Following the tragic events of 1933 many Assyrians
moved to French controlled Syria to settle in the Khabor region and
chief among them were upper Tiari and Tkhuma tribes. They were soon
followed by other Assyrians so that by the time it was over some 35
villages were established on both banks of the Khabor River between
Hasaka and Qamishli. Of these, 25 villages were on the North side and 10
villages on the South side. The length of the Assyrian settlement was
about 29 kilometers stretching from Tal Hermiz in the East to Tal Taweel
in the West. The width of the area ranged from 2.5 kilometers to 3 on
each side of the river. There was a bridge at Tal Tammor and a smaller
bridge on Zargan River, a tributary of Khabor near Tal Tammor. The last
town was about a distance of 7 kilometers to Tal Taweel. Upper Tiari
tribesmen occupied 6 villages (by some accounts 8 villages), while
Tkhuma established 11 villages, but the Tiari villages were bigger. Each
of the following had 2 villages: Quchanis, Gawar, Baz, Jeelu, Dizen,
Sara, and the following lived only in one village: Timar, Lewon, Barwar,
Nawchiya, Eiel and Mar Bisho.
The nearest Arabian tribes in the area were Bagar Al
Jabal. They lived in the Abdul Aziz mountains in the South of
Khabor.Their chiefs were Sheikh Eisa Salman and Raqib Albasheer. To the
North of the River lived the Sharabien and the Muamara tribes. The last
one was under Sheikh Abdul Aziz Muslib. The main road in the area ran
from Hasaka to Qamishli on the North side of the river, while a mountain
road serviced the South side. In the Northeast there is a water
reservoir and just to the West of it is a farming airstrip.
Tal Tammor is the largest of the settlements, it
houses several hundred families. It is the administrative center (Mudeer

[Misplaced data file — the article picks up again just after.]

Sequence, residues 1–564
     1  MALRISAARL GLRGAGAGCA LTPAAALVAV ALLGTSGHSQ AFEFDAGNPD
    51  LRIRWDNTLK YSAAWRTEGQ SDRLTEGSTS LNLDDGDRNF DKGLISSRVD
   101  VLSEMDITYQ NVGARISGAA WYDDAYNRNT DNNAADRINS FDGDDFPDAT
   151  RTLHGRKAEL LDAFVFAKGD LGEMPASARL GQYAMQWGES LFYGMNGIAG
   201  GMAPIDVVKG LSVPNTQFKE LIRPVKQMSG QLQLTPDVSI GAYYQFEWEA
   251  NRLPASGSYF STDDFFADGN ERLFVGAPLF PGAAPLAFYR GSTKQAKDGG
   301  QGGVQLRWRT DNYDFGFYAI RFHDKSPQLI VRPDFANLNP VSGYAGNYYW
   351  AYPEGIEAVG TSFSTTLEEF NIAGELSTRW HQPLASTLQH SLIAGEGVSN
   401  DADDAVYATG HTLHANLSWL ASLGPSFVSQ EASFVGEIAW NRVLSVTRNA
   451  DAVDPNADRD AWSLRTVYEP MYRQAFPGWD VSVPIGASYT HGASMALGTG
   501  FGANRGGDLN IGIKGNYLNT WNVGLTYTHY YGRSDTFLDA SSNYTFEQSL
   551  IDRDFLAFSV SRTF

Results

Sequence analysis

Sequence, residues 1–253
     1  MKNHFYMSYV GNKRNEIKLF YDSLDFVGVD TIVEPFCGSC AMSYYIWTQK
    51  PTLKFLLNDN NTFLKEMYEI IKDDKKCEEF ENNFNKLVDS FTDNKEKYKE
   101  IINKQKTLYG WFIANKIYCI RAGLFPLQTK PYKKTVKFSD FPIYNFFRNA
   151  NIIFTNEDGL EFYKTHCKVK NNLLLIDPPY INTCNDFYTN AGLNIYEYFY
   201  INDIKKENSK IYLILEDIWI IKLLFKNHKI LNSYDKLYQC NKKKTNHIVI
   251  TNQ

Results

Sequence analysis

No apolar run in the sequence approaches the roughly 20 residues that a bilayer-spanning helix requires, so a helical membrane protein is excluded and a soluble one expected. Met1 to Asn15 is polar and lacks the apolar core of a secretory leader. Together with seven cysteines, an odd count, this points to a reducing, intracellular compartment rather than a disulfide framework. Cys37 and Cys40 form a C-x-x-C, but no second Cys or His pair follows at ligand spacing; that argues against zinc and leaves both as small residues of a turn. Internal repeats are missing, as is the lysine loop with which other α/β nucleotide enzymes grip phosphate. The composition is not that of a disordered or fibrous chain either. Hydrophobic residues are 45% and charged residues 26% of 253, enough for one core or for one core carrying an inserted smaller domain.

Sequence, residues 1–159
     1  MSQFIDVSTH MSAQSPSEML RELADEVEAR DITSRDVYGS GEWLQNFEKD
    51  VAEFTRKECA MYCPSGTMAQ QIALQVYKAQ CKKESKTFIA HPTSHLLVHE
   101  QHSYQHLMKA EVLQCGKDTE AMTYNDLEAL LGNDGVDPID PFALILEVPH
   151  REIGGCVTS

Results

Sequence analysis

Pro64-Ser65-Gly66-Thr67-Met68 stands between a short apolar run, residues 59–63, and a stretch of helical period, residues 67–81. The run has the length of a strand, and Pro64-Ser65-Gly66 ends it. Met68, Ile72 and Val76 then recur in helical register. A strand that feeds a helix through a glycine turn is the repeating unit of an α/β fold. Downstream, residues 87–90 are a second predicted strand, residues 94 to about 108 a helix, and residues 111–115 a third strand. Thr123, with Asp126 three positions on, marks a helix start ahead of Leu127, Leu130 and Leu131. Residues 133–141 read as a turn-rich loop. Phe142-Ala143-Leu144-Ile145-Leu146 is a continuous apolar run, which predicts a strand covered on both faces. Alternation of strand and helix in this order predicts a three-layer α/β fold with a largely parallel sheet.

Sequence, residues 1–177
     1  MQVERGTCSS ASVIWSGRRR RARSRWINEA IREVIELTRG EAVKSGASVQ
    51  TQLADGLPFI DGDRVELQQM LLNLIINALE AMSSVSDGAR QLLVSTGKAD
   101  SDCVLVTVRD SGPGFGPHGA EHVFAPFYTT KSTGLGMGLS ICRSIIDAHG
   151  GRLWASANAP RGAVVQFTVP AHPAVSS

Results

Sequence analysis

Nahiya) and it houses Police H.Q.; two more police stations are located
in the villages of Abu Tina and Tal Kharita. Tal Tammor was also the
home of Malik Yacu of Upper Tiari of Upper Tiari and his brother Malik
Daniel, both former Rab Tremmas of the Assyrian Levies. Malik Yacu was
to die in Baghdad while on official visit in 1974, while Malik Daniel
was to die in Tal Tammor in 1952. Tal Hermiz was home to Malik Lawco of
He was to die in Chicago in 1977. Umm Keif was the
home of Malik Marawgil of Timar. He died there later.In the settlement,
there was a church with a priest in every village, and until 1985 the
affairs of the Assyrian church of the East were run by the late Mar
Awrahim Youkhanna. In February 1985, His Grace, Bishop Mar Aprim Khamis
of the United States visited the Khabor Assyrians, and while there he
ordained Rev Giwargis Rev Athneiel as Archdeacon and Head of the Church.
Mar Aprim also appointed a committee to help the Archdeacon. He also
ordained others. A son of Archdeacon Giwargis by the name of Aprim is
studying in Chicago to prepare himself to be a future bishop for Khabor.
The Diocese of Khabor is part of the Archdiocese of Lebanon and Syria
under Metropolitan Mar Narsai Debaz.
Beside the village churches there exists in Qamishli
a church under Tev. Youkanna Arkin and in Hasaka there is a church under
Rev. Kolo. In 1992 a bishop from the ancient church of the East (Julian
Calendar) by the name of Mar Yacoub Daniel arrived in Khabor to run the
affairs of that church in Syria. He was formerly a priest in the church
of Mar Yousif in Tel Keif. Today Mar Yacoub has the following churches
under him: Mar Bithion at Tal Hermiz, Mar Shalita in Umm Ghargan and Mar
Aprim in Qamishli.
In each of the Assyrian villages there is a mukhtar
who acts as a village chief. I have enclosed their names in the
accompanying list. Here I wish to extend my gratitude to Rev. Goliad
Attu for identifying church names and their priests; for Hawil Mikhail
for help with the names of mukhtars; for Zaya Dankha, Mirza Samano,
Hermiz Debaz for general information with-out which I could not have
been able to prepare this article.
I would like to add that priest names are from the
sixties; mukhtar's names are from the seventies and eighties. The
following list contains the names of Khabor villages, their makeup,
names of their churches, priests and mukhtars.